Tuesday, July 21, 2009

Africa Elections Project at Digital Bridge Initiative, Abuja, Nigeria

Eric Osiakwan, a man of many talents and almost as many responsibilities, discusses his
African Elections Project. Like Juliana, Eric was in Kenya during the electoral crisis. He found himself wondering, "How do we avoid these situations?" Somewhere between the polling stations where local vote counts were announced and the electoral commission, the vote count changed.

Eric and his friends realized that there's widespread interest in these elections, and widespread enough use of SMS that SMS could be used to report on and help cover these elections. The African Elections Project is built around a simple idea - let's take announcements made in local areas and broadcast them widely to help prevent the theft of elections. This involves reporters at polling places, SMS as a transmission mechanism, and the use of broadcast technologies like newspapers and radio to disseminate the information, as well as the internet. Eric is clear that this is a journalistic, reportorial project, not a monitoring one.

Based around this simple idea, AEP has grown to include a much wider set of information around elections. Sites for different country's elections include pictures from polling places, blog posts, links to news stories and a broad range of information sources about these events.

The main problem with AEP has been a fundamental problem with African elections - the project has been prepared to monitor elections in the Ivory Coast and Guinea, but both elections were put off. So far, the project has monitored Ghana's elections as well as Malawi's.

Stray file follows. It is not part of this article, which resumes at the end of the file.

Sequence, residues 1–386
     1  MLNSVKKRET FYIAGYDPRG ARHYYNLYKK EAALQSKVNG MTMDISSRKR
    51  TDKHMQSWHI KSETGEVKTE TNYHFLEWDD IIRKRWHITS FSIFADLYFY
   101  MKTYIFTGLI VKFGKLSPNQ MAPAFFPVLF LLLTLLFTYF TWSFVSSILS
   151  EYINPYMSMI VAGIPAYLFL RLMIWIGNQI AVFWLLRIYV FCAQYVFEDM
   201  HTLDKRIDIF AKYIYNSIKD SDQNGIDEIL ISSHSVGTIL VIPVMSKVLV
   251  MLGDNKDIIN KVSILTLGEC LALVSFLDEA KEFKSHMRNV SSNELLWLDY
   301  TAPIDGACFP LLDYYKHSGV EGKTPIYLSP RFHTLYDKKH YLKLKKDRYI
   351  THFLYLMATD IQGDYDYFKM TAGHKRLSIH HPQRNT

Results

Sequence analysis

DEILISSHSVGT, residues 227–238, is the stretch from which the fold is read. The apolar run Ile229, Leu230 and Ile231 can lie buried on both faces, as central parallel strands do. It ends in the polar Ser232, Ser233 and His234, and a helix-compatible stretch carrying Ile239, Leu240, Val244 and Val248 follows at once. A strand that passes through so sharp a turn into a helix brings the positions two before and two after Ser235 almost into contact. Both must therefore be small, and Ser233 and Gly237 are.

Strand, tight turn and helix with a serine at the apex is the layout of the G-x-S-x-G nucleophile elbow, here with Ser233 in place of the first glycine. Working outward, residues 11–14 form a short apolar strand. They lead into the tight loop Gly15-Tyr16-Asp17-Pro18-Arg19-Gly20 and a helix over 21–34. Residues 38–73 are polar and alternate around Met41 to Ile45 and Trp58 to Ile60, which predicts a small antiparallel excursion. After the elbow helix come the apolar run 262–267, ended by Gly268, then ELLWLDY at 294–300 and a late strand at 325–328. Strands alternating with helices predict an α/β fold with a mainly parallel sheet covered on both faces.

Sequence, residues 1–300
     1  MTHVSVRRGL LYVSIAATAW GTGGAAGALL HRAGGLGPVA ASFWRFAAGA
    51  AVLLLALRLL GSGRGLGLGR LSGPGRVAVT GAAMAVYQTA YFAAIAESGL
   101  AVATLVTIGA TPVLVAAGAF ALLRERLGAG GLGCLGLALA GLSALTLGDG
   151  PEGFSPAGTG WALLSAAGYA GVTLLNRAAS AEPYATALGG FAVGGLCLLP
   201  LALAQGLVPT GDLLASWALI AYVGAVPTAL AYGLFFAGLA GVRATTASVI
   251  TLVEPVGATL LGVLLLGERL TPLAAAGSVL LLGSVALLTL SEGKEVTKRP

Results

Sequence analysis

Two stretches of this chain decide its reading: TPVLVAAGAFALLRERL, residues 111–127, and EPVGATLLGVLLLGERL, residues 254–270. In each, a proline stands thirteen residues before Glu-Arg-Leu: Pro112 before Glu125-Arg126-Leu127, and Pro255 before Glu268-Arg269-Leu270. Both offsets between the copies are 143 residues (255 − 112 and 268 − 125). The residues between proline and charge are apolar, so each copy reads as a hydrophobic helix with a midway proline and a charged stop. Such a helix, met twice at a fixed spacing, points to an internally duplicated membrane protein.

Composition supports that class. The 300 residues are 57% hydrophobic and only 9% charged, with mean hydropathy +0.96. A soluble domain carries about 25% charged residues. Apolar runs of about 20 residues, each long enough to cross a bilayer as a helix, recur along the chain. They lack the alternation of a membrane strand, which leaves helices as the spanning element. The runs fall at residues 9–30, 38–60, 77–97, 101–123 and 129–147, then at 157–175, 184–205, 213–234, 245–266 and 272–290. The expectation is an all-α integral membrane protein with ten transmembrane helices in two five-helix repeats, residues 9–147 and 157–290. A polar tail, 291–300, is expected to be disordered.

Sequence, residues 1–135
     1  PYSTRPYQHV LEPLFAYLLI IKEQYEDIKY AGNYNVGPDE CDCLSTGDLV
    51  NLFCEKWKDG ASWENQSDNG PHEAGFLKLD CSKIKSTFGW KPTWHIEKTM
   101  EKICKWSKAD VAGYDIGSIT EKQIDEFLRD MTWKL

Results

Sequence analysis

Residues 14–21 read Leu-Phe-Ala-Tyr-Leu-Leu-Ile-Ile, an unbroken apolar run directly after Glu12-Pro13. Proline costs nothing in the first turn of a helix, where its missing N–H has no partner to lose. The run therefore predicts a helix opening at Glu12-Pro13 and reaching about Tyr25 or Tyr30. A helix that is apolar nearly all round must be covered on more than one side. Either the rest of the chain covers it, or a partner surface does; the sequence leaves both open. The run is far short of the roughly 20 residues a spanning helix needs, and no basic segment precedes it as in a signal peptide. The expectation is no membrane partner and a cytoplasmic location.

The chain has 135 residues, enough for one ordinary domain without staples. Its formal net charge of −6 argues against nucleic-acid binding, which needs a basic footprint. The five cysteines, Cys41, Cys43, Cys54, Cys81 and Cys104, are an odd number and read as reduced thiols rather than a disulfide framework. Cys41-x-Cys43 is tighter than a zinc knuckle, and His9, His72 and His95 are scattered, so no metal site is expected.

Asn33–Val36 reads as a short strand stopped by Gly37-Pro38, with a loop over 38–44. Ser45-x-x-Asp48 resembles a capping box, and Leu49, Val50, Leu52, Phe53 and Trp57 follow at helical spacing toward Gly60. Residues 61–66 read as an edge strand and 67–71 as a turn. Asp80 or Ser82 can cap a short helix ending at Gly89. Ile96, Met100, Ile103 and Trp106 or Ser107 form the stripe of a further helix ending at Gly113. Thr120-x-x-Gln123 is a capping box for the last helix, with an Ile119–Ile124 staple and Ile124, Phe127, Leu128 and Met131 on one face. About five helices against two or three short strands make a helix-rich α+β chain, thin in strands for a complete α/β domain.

Ghana's election was close enough that it presented some real challenges for Eric and his colleagues' team. Their vote count suggested that the opposition was going to win, but the electoral commission hadn't yet certified the vote. They held off announcing, while one of their media partners went ahead and declared their projections, which angered the sitting government, which lost power.

Eric fields a thorny question about when one reports results - in Nigeria, it's possible that reporting these results before announcement would be illegal. He's very clear that the project stays within what's legal in each country, but tries to collect as much data as possible, for forensic reasons as much as publicity ones.

AEP's great success may be the replicability of its model - based on AEP training, a team is currently monitoring the Mauritanian elections using the AEP model.



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